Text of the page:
Emotions run high in Rain Room work of art

Emotions run high in Rain Room work of art


THERE’S something immediately moving about first seeing the art installation Rain Room. Perhaps it’s the sheer scale of the work, consisting as it does of a 100sqm field of continuous rainfall. Yet there’s also something elemental in the presentation of the falling droplets of water backlit simply with a single floodlight.

The point of the immersive work is to observe human behaviour in our interaction with technology. Sensors are in play to make the millions of drops of water respond to the presence of those walking through them, stopping them from falling wherever movement is detected, and allowing participants to be fully immersed in the rain while being protected from it.

As humans, the thing we naturally do when we feel the first signs of rain - city folk, at any rate - is to pick up the pace, to run for cover.

Yet in the Rain Room, at any rate, that’s exactly what you shouldn’t do: in here, the faster you go, the wetter you get.

The installation's in-built sensors do a good job of stopping the water flow in a metre-wide radius around participants. But there’s no escaping the gravity of the rain that’s already falling in front them. You’ll also have to contend with those who are in there with you, too, with 18 people admitted at a time - nine amidst the rainfall, nine watching from the perimeter.

When I first entered Rain Room in the new Jackalope Pavilion at St Kilda, my gut reaction was one of awe. It evoked immediate emotion, inviting contemplation and a reflective attitude. Perhaps it was because I was having a one-on-one encounter with the space. Or maybe it’s simply because I love the sound of falling rain.

Regardless, I’m not alone in being captivated by the global phenomenon.

'Rain Room is a nice reminder that nature is ambivalent to our desires in many ways."

More than half a million people have visited the installation since it started popping up in contemporary galleries around the world in 2012. Today, it made its Southern Hemisphere debut when it opened to the public in Melbourne.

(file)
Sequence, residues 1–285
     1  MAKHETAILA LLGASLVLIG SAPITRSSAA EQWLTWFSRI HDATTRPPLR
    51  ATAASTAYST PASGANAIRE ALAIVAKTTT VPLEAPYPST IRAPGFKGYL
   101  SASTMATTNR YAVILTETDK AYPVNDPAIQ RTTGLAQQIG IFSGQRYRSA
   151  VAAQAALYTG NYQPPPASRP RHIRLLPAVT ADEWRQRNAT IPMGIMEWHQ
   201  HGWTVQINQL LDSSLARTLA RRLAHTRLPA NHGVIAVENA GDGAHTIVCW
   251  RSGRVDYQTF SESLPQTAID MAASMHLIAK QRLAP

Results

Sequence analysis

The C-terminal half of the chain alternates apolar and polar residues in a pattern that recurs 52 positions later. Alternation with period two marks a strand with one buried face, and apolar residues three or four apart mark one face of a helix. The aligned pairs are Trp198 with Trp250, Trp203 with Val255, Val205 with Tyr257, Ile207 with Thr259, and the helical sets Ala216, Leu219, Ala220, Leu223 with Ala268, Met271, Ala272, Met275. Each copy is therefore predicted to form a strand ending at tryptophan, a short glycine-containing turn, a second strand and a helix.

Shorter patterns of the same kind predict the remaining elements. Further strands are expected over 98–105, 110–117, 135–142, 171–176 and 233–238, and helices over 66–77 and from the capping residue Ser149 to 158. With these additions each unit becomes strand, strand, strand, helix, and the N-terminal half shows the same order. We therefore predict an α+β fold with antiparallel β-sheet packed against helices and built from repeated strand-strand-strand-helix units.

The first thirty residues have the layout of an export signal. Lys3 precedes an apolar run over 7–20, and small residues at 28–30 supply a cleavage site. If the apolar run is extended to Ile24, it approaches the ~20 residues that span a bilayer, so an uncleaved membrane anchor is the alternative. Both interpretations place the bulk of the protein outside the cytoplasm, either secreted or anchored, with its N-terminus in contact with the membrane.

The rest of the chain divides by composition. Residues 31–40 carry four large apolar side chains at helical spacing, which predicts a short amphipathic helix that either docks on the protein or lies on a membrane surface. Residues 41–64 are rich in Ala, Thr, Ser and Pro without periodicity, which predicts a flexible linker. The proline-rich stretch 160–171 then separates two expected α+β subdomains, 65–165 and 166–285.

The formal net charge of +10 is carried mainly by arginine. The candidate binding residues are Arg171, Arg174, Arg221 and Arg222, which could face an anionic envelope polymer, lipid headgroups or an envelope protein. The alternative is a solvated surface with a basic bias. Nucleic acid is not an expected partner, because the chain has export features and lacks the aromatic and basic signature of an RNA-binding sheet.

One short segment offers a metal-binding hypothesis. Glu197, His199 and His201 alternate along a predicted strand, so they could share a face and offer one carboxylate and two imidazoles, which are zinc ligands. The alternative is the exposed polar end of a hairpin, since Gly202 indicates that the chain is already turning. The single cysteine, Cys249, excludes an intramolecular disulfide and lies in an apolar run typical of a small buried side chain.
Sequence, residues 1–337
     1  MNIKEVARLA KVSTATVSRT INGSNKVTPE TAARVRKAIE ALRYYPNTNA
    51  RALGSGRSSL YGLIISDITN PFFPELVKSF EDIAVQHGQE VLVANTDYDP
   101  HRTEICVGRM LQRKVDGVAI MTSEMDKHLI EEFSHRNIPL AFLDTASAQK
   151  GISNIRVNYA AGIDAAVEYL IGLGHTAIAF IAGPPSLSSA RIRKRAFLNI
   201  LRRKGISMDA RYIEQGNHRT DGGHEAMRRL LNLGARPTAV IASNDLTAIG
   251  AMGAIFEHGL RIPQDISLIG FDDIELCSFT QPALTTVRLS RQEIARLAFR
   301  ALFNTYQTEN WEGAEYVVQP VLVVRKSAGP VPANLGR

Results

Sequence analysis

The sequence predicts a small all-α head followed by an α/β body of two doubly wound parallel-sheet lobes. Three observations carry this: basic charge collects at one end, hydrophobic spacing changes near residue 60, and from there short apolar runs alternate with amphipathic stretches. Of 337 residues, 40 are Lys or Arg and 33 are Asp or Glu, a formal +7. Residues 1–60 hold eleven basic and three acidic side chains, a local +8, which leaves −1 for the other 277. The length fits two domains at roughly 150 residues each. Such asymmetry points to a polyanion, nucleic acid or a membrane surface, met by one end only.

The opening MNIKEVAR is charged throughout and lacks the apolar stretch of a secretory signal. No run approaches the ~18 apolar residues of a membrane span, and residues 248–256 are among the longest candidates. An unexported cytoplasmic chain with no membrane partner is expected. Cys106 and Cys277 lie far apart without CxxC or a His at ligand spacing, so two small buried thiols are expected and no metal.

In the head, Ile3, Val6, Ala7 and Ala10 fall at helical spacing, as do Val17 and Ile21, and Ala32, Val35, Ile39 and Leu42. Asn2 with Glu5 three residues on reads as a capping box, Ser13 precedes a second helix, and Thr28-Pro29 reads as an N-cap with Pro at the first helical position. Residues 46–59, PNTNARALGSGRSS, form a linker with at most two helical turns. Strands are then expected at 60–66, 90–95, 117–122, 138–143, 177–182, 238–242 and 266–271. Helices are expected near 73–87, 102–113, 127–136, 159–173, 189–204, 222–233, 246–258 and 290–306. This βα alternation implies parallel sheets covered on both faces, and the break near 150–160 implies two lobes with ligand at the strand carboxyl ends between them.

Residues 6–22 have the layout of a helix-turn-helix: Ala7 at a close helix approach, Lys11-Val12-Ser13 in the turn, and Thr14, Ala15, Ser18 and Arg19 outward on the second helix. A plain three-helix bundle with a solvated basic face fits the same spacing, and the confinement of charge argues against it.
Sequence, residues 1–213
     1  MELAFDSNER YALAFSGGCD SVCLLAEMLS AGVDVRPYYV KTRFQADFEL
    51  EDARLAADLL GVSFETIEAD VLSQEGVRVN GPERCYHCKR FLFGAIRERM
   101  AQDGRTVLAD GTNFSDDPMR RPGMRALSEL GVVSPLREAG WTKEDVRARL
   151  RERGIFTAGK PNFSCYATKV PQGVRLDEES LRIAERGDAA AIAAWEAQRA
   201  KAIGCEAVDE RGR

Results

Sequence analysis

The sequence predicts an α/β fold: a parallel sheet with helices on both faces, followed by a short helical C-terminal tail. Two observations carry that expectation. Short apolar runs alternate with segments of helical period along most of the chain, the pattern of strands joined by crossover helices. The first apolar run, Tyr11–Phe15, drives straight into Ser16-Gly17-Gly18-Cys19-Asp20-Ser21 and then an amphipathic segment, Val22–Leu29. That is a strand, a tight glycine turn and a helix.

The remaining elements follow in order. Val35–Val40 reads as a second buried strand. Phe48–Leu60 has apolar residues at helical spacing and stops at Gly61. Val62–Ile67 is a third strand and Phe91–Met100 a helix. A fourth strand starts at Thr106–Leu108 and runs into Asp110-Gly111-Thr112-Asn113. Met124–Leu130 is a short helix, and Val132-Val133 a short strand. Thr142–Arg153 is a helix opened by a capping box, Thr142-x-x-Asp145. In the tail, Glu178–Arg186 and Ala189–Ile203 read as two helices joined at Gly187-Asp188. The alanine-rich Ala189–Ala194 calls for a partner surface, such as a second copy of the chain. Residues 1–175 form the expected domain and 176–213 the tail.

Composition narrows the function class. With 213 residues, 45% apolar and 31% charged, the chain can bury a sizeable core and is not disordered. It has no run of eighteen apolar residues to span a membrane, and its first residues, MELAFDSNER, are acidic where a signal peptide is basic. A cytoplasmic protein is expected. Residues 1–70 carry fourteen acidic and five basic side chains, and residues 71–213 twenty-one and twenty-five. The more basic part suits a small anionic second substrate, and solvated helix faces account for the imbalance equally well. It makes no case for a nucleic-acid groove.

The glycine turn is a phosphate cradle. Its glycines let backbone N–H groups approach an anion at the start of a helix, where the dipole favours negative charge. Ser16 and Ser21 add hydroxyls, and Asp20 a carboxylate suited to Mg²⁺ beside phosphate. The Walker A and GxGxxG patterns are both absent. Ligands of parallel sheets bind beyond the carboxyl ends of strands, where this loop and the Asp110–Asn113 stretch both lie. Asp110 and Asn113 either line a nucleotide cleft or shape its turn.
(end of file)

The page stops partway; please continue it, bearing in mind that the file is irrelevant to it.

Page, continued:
Produced by London-based contemporary art collective Random International, Rain Room is “a nice reminder that nature is ambivalent to our desires in many ways”, says Random International spokesperson Jennifer Barnes.

“The idea of Rain Room is to explore how human relationships - with each other and with nature - are increasingly mediated through technology,” Barnes says.

Rain Room evolved when artisans within Random International were trying to make a mark-making machine where water would mark a reactive surface and leave a message behind.

“They spent so much time thinking about the mechanism of rain falling that they thought 'What if we focus on that?’," she says.

Random International founders Hannes Koch and Florian Ortkrass both had a fascination with being trapped in - and protected from - a rainstorm. And Rain Room is the result. The aim is to get people to think about their relationship with technology.

"Rain Room is an artwork and an immersive experience, but it's also a machine," Barnes says. "And when a human walks into the machine, it creates an intuitive relationship where the water is turning off whenever the human is present."

So while it gives participants a sense of control, Rain Room is controlling the speed at which they walk. It's forcing them to make decisions about how they move through it. So control's going both ways.

Patrons react to it in a different way based on their experience.

“And that's the beauty of this," she says. "is when people get wet their automatic reaction is 'I want to go faster.' And yet, that's exactly what they shouldn't do.”

Jackalope’s general manager of sales and marketing, Josh Olgilvie, says Rain Room exemplifies how the Jackalope Hotel group uses art in a pivotal role in the guest experience.

“And each Jackalope property has a very specific narrative that all of the art and design elements tie into it,” Ogilvie says.

Jackalope founder Louis Li first experienced Rain Room in Los Angeles a couple of years ago when it was showing at LACMA and has been trying to bring it to Australia since then.

“He was looking for a monumental artwork to bring to Australia that would form the centrepiece of the second [Jackalope] hotel in Flinders Lane, scheduled to open in 2022,” Ogilvie says.

Li describes Rain Room is the group’s most ambitious curation to date.

“The work represents the spirit of our hotels – an interplay between imagination, mystery and science,” Li says.

Rain Room has previously exhibited at The Barbican, London (2012); the Museum of Modern Art, New York (2013); the YUZ Foundation, Shanghai (2015); the LACMA, Los Angeles (2017); and at the Sharjah Art Foundation (2017). In Australia, it’s being presented with the Australian Centre for the Moving Image (ACMI).

Rain Room is housed within the Jackalope Pavilion on the corner of Acland and Jackson Street, St Kilda. Tickets, which are sold in 20-minute blocks, can only be purchased online. They're on sale via jackalopehotels.com/art/rainroom. Due to rapid sales, the installation has announced a limited second release of tickets, to go on sale for Friday, August 16, at 10am.

Rain Room is open seven days a week, Sunday to Wednesday from 10am-6pm and Thursday to Saturday from 10am-9pm.